The importance of patient-centred communication in every consultation
Which type of consultation questions make your patient feel included? And how can you better structure the information you give during eye routine checks and treatments?
We have interviewed Sandra Winterburn and Jane Ege Møller from EACH, the International Association for Communication in Healthcare. They give tips on achieving person-centred care and listening to ideas, concerns, and expectations. EACH is a professional community open for all health care practitioners, and it offers courses, training, and conferences on patient communication.
- Q1 Who is EACH, and what does the organisation do?
- Q2 What are your primary member activities?
- Q3 What's person-centred care?
- Q4 Why is communication an essential part of person-centred care?
- Q5 Are there any specific communication skills that you would recommend eye care professionals to practise?
- Q6 Active listening is an interesting term. What does it involve?
- Q7 Should you ask if the patient has any questions or concerns throughout the whole examination?
- Q8 What difference will it make for the optometrist/ophthalmologist to ask open-end questions?
- Q9 How can better communication help the patient?
- Q10 What offers the EACH community to eye care professionals?
- Q11 About Sandra Winterburn and Jane Ege Møller
Who is EACH, and what does the organisation do?
EACH is the International Association for Communication in Healthcare. The interdisciplinary and non-profit organisation brings together researchers and trainers in communication in healthcare. We facilitate the exchange of ideas, teaching materials and research activities across a network of individuals and institutions in Europe and beyond.
What are your primary member activities?
EACH members share their expertise in healthcare communication with each other and the broader community through ongoing opportunities. They include:
- Annual international conferences on health care communication, which brings together researchers, educators, practitioners, and policymakers.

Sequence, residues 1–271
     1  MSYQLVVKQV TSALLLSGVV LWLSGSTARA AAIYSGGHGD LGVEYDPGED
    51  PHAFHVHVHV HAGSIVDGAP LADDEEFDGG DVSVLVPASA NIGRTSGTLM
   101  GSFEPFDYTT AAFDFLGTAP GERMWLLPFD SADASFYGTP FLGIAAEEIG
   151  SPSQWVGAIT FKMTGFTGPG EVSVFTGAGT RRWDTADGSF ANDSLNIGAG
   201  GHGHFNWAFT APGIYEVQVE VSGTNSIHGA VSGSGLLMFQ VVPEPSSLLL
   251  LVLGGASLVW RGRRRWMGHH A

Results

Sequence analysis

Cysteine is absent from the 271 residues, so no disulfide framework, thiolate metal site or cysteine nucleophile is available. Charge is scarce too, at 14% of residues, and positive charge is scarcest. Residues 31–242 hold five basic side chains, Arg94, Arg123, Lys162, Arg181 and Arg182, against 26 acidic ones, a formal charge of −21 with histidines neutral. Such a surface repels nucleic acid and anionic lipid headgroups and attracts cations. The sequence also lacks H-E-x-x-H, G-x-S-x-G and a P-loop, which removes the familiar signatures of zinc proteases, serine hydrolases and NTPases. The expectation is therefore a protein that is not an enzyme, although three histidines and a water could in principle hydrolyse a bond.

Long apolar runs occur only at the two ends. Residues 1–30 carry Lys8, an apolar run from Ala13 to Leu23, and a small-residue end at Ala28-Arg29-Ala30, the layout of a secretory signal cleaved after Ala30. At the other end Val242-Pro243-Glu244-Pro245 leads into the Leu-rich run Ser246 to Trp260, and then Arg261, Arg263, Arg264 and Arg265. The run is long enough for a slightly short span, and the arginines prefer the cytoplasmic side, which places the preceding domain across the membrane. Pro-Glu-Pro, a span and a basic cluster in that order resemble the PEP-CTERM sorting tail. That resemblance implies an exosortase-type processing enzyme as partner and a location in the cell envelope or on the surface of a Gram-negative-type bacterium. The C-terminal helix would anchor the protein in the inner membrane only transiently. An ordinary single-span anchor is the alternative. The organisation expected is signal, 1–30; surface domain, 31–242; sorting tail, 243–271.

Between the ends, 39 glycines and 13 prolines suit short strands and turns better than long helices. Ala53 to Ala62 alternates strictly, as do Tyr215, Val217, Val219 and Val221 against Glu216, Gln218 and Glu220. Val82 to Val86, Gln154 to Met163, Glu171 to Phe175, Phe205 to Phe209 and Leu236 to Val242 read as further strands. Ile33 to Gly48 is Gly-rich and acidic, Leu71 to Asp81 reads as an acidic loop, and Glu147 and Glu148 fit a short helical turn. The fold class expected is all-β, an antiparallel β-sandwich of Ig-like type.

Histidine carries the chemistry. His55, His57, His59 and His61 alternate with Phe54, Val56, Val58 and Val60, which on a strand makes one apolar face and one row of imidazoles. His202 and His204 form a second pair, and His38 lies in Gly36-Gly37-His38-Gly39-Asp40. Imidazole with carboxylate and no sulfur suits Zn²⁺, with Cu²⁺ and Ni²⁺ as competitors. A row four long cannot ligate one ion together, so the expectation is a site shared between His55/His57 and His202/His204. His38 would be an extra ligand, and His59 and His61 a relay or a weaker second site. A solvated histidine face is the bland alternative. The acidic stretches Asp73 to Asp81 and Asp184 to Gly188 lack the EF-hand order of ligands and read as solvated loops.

- Workshops and courses on best practices in healthcare communication research.
- Active online and in-person networks of learners and professionals based on common country, language, or interest.
- A database of shared resources and tools developed by key experts in the field.
- Direct contact with the top healthcare journal “Patient Education and Counselling”.
Can you start by describing what person-centred care is?
Person-centred care focuses on the needs of every single patient. You ensure that people’s preferences and values guide your clinical decisions, so the treatment plan is respectful of and responsive to them as a person.
Conversely, non-person-centred care often represents a ‘paternalistic’ or ‘clinician knows best’ approach. The individual circumstances are considered little when one makes a clinical decision about the patient.
Why is communication an essential part of person-centred care?
Because it puts the individual’s personal needs at the very heart of the healthcare model. The approach empowers the patient and makes them able to influence decisions. And make choices that are right for them.
When teaching clinical communication skills, we examine what both the patient and the clinician are trying to achieve in the time available to them during a particular encounter. Then, we look at the outcome and ask whether 1.) both parties achieved their goals, and 2.) if the communication effectively met their needs.
There is never a ‘certain script’ to follow.
Viewpoint is a learning platform for eye care professionals. Are there any specific communication skills that you would recommend them to practise?
Skills are at the centre of all clinical communication, and it is hard to identify just a few that might be important for optometrists.
Having said that, we would urge optometrists to utilise the ICE concept proposed by the Calgary-Cambridge Guide to medical interviews. The term stands for “Ideas, Concerns and Expectations”. Instead of quickly eliciting what is important to the individual, optometrists can employ cue-based interviewing at the beginning of each consultation.
Start by finding out, what the patient knows (Ideas), wants to know (Concerns), and what matters to them (Expectations). You achieve that by asking open questions such as:
- What thoughts do you have about your sight?